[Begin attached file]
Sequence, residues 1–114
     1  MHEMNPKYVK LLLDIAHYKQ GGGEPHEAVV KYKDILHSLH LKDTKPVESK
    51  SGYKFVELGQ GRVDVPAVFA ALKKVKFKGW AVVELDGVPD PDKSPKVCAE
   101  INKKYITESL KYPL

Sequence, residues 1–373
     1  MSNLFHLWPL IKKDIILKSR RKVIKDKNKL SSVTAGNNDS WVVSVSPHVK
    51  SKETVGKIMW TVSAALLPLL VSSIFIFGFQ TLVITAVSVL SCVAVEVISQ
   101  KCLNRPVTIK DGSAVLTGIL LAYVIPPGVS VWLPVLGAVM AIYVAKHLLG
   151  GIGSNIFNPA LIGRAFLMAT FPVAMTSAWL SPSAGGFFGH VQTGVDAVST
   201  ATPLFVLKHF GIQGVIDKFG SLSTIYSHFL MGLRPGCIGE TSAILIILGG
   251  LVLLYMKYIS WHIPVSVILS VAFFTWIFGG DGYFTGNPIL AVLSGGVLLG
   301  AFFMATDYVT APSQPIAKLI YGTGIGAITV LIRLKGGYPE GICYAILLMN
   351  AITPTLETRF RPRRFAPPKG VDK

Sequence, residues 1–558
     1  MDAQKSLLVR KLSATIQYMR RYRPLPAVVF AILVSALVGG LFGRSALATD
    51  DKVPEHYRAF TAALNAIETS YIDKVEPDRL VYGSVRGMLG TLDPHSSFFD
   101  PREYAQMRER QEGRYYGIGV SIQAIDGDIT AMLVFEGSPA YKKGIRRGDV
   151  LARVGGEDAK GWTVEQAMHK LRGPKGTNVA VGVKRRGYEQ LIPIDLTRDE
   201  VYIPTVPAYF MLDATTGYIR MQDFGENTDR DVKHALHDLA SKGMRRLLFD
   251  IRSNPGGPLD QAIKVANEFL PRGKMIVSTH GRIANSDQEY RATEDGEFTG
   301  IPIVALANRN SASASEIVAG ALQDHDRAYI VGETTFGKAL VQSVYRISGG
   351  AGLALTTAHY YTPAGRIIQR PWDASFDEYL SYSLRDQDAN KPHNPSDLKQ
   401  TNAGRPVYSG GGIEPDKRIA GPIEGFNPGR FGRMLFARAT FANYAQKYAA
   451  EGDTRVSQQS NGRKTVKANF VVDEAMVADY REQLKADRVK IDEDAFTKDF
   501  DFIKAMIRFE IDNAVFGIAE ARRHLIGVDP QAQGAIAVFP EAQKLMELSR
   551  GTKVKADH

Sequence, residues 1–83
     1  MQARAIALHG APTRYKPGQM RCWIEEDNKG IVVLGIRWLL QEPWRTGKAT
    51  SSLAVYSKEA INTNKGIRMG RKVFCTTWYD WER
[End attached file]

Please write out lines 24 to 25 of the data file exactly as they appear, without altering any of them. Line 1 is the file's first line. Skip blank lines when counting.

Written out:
   451  EGDTRVSQQS NGRKTVKANF VVDEAMVADY REQLKADRVK IDEDAFTKDF
   501  DFIKAMIRFE IDNAVFGIAE ARRHLIGVDP QAQGAIAVFP EAQKLMELSR